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2 fires, 1 day, 0 injuries

Pahrump Valley Fire and Rescue Services Chief Scott Lewis said no injuries were reported after fire crews were dispatched to a structure fire at approximately 9 p.m., on Wednesday, Nov. 14.

The fire, according to Lewis, occurred in the desert area east of north Highway 160 near Basin Avenue.

“Crews responded and found a motorhome used as a fixed structure in an area that is mostly occupied by homeless individuals,” he said. “The structure was well-involved in an area without hydrants. There were similar structure exposures that were also in the area, but no injuries and no occupants were located, and the cause of the fire is under investigation.”

Controlled burn gets out of hand

It was the second fire crews battled on Wednesday, after they were dispatched to a report of a structure fire in the area of West Gold Dust Lane.

Upon arrival, Lewis said crews found two accessory out-buildings on fire.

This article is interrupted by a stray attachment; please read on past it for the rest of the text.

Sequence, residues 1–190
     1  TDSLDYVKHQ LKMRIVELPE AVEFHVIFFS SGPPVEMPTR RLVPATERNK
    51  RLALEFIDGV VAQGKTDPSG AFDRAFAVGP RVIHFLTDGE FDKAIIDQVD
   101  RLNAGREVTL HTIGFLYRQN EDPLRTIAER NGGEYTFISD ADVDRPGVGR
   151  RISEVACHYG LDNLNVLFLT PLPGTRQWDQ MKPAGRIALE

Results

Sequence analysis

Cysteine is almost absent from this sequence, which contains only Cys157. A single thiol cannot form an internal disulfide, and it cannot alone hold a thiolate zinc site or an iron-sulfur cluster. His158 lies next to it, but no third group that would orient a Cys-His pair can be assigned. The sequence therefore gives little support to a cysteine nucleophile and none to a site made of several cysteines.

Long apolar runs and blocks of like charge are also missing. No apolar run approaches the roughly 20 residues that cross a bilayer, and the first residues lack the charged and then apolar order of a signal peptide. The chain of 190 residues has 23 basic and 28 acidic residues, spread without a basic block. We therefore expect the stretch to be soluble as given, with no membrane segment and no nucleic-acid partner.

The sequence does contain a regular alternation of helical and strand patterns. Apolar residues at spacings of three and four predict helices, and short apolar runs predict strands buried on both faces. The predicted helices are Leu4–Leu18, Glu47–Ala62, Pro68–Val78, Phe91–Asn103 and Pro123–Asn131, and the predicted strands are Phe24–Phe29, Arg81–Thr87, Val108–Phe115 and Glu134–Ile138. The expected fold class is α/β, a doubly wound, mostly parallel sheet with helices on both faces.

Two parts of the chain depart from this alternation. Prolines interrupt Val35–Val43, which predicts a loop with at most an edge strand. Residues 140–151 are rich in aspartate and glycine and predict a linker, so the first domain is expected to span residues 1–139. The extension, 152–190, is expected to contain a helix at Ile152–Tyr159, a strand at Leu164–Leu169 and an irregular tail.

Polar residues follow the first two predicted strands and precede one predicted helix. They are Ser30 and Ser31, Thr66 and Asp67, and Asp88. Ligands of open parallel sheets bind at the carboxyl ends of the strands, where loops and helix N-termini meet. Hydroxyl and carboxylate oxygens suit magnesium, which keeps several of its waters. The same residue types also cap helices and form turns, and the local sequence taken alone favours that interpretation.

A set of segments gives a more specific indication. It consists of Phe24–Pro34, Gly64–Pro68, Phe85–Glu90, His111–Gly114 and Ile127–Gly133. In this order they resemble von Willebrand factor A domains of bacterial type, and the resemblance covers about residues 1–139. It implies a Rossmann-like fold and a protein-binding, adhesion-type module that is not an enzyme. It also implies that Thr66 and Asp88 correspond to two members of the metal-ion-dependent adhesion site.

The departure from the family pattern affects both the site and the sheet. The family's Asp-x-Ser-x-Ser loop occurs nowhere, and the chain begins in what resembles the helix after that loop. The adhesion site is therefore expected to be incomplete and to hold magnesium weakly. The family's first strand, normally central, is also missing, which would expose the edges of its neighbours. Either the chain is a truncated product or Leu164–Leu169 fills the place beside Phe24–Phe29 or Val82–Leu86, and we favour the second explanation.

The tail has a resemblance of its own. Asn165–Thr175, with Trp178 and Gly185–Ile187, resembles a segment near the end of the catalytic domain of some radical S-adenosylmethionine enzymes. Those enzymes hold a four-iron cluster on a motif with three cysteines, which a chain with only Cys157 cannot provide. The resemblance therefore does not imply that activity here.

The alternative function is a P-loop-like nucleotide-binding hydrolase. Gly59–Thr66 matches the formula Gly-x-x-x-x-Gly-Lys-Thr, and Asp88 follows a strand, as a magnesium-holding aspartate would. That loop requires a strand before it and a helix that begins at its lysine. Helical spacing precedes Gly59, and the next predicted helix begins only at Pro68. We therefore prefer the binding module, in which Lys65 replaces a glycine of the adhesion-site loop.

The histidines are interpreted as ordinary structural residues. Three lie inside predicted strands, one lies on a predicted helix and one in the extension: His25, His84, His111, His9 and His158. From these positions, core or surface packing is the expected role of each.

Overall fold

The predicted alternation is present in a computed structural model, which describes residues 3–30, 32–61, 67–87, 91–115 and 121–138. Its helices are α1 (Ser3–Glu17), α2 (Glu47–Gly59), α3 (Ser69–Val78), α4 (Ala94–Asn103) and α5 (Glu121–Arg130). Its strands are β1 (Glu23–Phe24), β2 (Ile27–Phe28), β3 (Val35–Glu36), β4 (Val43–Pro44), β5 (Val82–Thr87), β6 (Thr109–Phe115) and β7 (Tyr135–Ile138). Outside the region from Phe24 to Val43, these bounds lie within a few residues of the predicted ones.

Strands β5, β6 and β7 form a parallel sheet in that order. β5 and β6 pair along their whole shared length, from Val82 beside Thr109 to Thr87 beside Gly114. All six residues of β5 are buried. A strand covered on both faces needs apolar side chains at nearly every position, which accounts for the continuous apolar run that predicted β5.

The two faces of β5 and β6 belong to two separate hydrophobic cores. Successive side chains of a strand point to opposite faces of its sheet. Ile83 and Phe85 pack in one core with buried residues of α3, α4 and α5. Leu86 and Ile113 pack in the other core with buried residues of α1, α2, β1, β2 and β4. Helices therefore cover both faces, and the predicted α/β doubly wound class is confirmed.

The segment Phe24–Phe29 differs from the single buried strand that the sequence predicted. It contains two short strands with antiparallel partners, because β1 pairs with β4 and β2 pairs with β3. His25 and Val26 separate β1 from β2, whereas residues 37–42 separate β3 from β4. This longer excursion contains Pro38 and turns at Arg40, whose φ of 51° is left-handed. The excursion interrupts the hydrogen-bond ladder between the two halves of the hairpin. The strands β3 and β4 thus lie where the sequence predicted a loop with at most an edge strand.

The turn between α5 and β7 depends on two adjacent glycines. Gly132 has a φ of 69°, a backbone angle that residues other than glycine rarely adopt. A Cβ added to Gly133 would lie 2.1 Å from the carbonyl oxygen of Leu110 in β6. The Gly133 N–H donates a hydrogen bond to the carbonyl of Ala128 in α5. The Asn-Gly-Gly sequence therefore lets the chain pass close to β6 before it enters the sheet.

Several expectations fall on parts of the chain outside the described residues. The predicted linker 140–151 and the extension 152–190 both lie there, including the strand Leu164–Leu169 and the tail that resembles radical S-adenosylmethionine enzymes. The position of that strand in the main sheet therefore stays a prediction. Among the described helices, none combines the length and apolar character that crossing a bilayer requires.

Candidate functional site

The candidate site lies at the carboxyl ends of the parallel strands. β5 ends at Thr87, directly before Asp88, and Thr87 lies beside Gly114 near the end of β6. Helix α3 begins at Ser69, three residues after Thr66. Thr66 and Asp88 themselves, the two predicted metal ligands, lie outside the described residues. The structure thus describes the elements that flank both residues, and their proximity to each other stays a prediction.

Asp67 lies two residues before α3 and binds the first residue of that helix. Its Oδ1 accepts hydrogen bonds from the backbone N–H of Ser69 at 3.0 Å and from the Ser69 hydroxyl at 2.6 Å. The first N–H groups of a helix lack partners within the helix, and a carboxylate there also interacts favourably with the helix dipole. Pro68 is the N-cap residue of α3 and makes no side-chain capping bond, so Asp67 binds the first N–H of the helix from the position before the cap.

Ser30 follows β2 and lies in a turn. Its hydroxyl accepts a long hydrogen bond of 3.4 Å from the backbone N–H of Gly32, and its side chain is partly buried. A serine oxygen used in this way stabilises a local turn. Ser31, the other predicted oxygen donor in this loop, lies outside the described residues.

“They quickly extinguished both structures, and there was no extension to nearby exposures,” he said. “The initial investigation revealed an unauthorized controlled burn that was burning beyond the intent.”

The proper way to burn

As an example, regarding the burn, Lewis noted that the burn itself was conducted improperly by using a torch to ignite the brush.

“It got away from them and set the structures on fire. There were no injuries reported.”

Lewis also provided a few safety tips to residents in regard to properly conducting an authorized controlled burn.

“We advise local residents to burn in small, manageable piles, so when the pile burns down, they can simply add in small increments to their yard waste,” he said. “There should be no burning of household trash, no ignitable, flammable liquids or anything along those lines. It’s simply about migrating some of the weeds that were scraped in a pile and moving them to the burn pile.”

Dos and Don’ts

Additionally, Lewis imparted what residents should not do prior to conducting a controlled burn.

“The use of torches and the like, is the problem we have every year because they have a tendency to get beyond the control of the person using the torch,” he noted. “The fire can extend to other materials that were unintended to burn, such as additional structures, vehicles, and debris onto a neighboring property, so that’s why we prohibit it, but they still do. We also want to remind residents to make sure they call 911 immediately so we don’t have a response delay.”

Contact reporter Selwyn Harris at sharris@pvtimes.com. On Twitter: @pvtimes

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